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Per the New York Post, subscription plans recently rolled out in the United Kingdom, Germany, South Korea, and several other markets, which included fees for premium features. BMW owners will be forced to pay the equivalent of $18 per month to use heated front seats in their cars.
Owners also have the option to pay $180 per year to use their heated seats, or can opt to spend $300 for a three-year subscription, or $415 for “unlimited access,” the publication reported.
It’s unclear whether subscriptions will be required in the United States at a future date.
“Front Seat heating gets things nice and cosy in no time,” BMW’s UK site says. “Activation after purchase is quick and easy.”
Heated seats aren’t the only premium feature with an upcharge. In some markets, owners will pay $12 per month to use their heated steering wheels. It’ll cost $42 per month for adaptive cruise control. The feature that switches off high beams automatically when another car appears also costs $12 monthly.
Anyone who wants to connect their iPhones to their cars through Apple’s CarPlay feature will be charged $265.
Reactions on social media were swift and brutal.
“This is wild — BMW is now selling a monthly subscription service for heated seats in your car. Monthly fee: $18, Annual fee: $180,” one person shared. “The car will come with all the necessary components, but payment is needed to remove a software block. Welcome to microtransaction hell.”
“Can’t say enough about how insane and dystopian this is,” another person agreed. “It’s not a subscription for heated seats. It’s a subscription to disable the software that BMW has installed to prevent you from using the heated seats, which are of course already built in.”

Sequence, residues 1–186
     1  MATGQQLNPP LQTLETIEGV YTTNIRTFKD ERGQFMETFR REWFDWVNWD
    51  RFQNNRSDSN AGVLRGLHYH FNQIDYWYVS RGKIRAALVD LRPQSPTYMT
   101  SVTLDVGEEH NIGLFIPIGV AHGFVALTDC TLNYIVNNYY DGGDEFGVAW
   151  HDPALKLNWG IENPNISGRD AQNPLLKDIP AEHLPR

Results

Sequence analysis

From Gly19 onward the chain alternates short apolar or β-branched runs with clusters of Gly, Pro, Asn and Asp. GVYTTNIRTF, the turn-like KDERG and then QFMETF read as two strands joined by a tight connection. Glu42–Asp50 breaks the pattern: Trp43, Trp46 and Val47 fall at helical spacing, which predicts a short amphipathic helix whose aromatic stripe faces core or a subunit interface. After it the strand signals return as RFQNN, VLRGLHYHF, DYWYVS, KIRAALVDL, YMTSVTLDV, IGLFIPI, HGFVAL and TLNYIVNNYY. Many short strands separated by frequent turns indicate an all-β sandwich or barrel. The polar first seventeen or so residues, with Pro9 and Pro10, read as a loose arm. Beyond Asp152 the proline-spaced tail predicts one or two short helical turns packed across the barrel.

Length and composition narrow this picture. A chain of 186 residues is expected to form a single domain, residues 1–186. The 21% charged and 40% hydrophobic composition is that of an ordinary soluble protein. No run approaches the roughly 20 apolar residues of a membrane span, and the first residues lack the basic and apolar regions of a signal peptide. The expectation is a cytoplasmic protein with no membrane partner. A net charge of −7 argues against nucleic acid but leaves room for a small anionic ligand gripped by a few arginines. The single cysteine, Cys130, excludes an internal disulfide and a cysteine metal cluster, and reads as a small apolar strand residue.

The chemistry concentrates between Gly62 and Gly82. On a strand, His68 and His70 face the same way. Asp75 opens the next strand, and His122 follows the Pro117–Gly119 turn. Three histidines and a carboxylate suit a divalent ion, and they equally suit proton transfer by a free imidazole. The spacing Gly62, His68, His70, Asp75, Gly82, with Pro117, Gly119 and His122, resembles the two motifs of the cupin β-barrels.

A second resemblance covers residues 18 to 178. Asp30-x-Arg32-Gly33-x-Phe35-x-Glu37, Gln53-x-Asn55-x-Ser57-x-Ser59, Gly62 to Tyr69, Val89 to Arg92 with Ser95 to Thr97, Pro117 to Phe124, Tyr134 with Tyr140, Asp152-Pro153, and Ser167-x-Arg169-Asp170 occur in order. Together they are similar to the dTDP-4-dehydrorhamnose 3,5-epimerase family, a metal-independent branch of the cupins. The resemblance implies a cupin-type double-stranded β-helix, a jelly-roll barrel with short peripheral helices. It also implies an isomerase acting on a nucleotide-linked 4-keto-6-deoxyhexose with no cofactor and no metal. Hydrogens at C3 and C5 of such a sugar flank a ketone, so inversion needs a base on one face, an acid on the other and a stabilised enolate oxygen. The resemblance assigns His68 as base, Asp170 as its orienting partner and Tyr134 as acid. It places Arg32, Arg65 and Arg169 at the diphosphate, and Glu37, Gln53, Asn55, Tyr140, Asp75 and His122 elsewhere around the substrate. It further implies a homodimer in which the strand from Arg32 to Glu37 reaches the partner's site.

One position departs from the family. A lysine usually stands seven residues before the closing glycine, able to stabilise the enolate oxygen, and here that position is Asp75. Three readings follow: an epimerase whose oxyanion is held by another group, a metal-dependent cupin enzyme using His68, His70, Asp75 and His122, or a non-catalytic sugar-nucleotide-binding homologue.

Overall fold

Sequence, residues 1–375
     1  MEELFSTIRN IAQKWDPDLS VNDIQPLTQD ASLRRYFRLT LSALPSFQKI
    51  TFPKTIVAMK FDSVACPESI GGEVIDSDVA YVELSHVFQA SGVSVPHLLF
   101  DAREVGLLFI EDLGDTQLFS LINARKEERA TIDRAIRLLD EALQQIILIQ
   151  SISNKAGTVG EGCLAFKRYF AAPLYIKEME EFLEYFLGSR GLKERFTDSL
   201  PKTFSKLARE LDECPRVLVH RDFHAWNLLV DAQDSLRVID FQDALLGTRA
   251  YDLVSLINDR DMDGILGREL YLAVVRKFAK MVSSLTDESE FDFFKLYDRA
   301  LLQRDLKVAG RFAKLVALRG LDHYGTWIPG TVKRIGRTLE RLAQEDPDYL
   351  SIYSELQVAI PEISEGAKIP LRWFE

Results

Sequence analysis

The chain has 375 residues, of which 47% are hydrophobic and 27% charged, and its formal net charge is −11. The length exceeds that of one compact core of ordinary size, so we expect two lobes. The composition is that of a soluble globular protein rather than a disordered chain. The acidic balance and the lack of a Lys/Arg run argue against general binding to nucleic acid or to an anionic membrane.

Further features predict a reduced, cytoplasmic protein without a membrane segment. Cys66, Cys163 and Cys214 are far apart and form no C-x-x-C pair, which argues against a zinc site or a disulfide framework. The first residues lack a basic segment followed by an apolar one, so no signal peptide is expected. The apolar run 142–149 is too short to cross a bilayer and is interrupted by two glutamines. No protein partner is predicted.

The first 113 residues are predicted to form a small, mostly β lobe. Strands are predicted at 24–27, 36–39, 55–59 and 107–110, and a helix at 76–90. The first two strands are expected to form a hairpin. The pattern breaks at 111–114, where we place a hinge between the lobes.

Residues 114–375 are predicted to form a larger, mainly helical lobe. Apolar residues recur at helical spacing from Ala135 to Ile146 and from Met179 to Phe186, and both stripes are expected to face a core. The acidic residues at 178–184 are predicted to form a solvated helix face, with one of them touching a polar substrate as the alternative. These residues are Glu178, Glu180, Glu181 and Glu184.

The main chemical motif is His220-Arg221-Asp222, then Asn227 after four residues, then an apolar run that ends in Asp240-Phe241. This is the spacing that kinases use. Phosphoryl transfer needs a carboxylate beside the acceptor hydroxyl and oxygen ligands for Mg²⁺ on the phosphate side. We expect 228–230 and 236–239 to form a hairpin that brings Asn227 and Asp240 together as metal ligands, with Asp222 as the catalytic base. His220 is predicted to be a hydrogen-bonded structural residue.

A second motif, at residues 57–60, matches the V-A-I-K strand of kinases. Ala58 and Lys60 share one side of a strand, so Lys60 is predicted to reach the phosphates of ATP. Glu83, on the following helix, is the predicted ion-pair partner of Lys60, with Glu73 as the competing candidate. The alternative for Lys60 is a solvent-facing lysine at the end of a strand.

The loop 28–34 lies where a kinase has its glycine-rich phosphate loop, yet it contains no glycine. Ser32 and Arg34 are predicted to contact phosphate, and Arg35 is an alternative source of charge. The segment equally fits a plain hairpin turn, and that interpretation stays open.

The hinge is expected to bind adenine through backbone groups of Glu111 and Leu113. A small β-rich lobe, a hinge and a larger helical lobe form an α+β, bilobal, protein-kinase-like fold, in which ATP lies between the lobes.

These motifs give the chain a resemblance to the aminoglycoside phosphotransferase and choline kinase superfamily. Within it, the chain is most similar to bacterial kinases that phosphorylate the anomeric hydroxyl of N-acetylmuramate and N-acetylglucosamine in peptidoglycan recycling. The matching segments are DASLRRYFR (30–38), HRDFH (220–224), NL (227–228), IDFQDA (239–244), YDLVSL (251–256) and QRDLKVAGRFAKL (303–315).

There’s a good chance that other luxury brands will follow suit. During an interview with The Verge, Mercedes-Benz CEO Ola Källeniu said they’ll likely be offering subscription-based upgrades in their vehicles as well.
“I think you need to offer customers both. Some customers don’t look at the price, they just want the best, most desirable product. ‘Whatever it costs, just let me pay now and that’s it,’” he said.
“You have to have that option, but I think you can add functionality as you go along. You let people choose what they want through the app store…That is true digital, recurring revenue,” he continued, comparing these offerings to cell phone companies that offer upgrades for a fee.
“It is not about just selling your 2.5 million vehicles or whatever a year,” the CEO continued. “Your install base should grow and grow, so that one day you have tens of millions of vehicles. Then if you start monetizing some per month in that install base, the lever actually starts looking quite attractive. I think we are onto something here. It is too early to say how much this economic potential is, but it is there.”